Alcohol abuse cannot directly cause someone to develop bipolar disorder. Since bipolar disorder is mainly caused by genetic links, you must be predisposed to have the condition before you will develop it.

Even though alcohol abuse cannot cause bipolar disorder, it can cause someone to experience the first symptoms of the condition. If you are predisposed to bipolar disorder because it runs in your family, drinking excessive amounts of alcohol could cause the symptoms to arise. This is because alcohol exacerbates the symptoms of mental illnesses like bipolar disorder.

Additionally, if you already have bipolar disorder, alcohol abuse could cause your symptoms to become worse. Unfortunately, this may lead to a vicious cycle of abusing alcohol to numb your emotions, experiencing worsened symptoms of bipolar disorder, and so on.

Signs You Need Help for Bipolar Disorder and Alcoholism

If you believe that you have co-occurring bipolar disorder and alcoholism, you should seek help from a dual-diagnosis rehab program. These treatment centers can provide you with services to help you recover from both alcoholism and bipolar disorder at the same time, setting you up for long-term success.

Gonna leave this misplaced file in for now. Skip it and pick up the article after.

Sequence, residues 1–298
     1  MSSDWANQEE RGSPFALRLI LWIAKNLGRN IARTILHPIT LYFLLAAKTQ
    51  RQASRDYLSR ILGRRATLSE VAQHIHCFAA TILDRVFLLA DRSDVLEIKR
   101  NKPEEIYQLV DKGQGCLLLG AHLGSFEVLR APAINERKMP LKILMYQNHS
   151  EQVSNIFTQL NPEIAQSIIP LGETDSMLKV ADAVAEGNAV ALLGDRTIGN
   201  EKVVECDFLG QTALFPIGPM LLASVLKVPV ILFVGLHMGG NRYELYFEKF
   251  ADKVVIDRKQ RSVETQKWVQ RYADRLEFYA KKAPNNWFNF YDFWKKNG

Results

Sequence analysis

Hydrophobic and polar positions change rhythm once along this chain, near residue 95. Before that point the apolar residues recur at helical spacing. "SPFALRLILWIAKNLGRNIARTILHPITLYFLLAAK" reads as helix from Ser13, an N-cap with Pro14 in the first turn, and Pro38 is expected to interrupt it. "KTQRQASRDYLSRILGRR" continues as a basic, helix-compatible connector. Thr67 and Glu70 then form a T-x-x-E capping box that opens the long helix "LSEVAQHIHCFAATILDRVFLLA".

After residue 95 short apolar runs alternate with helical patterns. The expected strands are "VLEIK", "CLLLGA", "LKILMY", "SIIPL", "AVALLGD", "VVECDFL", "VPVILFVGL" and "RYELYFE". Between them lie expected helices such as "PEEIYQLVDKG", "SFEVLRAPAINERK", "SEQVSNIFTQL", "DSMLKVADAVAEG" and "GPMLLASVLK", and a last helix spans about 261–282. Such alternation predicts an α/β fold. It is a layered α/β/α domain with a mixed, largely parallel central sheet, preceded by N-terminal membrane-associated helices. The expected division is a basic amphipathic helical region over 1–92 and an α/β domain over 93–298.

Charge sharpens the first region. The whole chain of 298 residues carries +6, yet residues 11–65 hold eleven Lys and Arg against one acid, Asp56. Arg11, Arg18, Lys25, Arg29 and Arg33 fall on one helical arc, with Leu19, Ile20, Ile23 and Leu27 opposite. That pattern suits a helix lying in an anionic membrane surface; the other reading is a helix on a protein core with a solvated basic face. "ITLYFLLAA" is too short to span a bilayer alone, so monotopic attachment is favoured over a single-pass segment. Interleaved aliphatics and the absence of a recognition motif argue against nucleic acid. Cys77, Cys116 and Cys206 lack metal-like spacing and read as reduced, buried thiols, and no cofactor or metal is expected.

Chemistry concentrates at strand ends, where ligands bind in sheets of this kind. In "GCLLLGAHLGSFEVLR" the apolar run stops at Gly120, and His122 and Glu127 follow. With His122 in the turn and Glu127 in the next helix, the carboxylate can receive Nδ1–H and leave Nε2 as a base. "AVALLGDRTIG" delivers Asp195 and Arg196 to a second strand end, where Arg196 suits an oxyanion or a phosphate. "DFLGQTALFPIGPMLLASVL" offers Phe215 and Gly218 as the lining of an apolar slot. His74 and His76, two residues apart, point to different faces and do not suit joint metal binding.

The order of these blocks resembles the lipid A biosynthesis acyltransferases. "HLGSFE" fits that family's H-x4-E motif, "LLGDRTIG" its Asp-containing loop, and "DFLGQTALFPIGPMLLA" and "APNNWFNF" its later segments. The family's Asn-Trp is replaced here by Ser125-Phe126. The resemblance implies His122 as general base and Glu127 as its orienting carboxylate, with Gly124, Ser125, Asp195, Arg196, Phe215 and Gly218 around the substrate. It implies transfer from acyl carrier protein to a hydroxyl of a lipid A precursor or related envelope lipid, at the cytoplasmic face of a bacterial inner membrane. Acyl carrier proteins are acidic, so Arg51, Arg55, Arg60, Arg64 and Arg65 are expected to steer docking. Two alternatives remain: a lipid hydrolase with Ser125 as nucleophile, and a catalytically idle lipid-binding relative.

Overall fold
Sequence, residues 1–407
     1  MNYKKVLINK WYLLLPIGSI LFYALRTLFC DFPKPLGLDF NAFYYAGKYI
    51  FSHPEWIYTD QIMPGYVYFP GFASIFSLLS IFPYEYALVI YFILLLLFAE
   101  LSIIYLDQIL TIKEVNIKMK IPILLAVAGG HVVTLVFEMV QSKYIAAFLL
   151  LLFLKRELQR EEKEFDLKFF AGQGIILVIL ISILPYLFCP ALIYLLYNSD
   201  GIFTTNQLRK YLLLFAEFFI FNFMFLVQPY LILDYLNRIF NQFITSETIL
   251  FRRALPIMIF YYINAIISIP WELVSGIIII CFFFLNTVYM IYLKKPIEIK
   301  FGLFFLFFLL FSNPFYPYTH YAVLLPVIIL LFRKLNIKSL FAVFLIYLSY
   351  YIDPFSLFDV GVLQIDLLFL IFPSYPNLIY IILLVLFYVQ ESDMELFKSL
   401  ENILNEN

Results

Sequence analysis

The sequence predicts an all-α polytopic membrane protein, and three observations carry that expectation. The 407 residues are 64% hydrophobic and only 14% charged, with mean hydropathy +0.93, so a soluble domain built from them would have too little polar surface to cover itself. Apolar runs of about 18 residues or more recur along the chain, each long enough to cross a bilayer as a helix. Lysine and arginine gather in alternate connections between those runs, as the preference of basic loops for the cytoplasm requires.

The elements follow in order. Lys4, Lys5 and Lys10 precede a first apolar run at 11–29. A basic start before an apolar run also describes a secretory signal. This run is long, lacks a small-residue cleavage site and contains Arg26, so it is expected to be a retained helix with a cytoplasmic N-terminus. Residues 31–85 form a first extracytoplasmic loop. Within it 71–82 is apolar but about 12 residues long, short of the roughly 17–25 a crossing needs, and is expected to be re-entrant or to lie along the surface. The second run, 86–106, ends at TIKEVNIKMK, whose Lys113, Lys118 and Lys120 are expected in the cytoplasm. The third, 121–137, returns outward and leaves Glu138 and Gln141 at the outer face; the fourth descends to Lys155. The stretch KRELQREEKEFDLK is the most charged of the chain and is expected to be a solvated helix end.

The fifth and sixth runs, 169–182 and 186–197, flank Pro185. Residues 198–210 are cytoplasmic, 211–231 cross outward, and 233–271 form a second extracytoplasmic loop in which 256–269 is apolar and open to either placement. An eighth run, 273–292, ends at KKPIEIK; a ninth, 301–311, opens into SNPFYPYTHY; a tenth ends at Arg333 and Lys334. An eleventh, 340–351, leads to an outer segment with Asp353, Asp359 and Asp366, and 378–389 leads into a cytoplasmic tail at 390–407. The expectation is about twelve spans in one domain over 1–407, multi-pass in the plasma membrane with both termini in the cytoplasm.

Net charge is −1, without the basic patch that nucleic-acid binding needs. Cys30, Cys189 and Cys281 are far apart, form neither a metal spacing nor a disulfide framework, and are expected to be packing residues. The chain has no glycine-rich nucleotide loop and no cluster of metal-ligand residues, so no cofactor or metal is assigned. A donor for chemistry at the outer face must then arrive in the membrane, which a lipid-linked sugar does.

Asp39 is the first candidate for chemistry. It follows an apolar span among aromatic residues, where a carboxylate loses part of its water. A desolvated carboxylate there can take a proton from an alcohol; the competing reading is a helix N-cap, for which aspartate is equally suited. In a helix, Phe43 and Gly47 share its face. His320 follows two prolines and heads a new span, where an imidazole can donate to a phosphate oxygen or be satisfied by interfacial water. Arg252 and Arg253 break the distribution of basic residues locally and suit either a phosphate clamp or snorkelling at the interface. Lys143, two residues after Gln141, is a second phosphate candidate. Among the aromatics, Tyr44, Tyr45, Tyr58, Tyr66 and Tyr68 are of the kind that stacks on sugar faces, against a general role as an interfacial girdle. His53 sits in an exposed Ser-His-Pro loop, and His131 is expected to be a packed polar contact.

However, the first step in recovery from bipolar disorder and alcoholism is recognizing that you have a problem. The following symptoms indicate that you need help for bipolar disorder and alcohol abuse:

Symptoms of Mania

Manic episodes are characterized by hyperactivity and impulsiveness. Unfortunately, this can lead to risky behaviors like substance abuse, spending sprees, reckless driving, and unsafe sex.

The symptoms of mania include:[4]

  • Appearing hyperactive or uncharacteristically energetic
  • Feeling excited, elated, or inspired
  • Experiencing insomnia
  • Racing thoughts or trouble concentrating
  • Being unusually chatty
  • Irritability and agitation
  • Lowered inhibitions and impulsivity
  • Engaging in illegal or risky behaviors
  • Inflated self-esteem

Symptoms of Depression

Depressive episodes cause people with bipolar disorder to feel extremely down, and hopeless and have very little motivation. Depressive episodes can be dangerous without treatment because they can lead to suicidal thoughts or self-harming behaviors.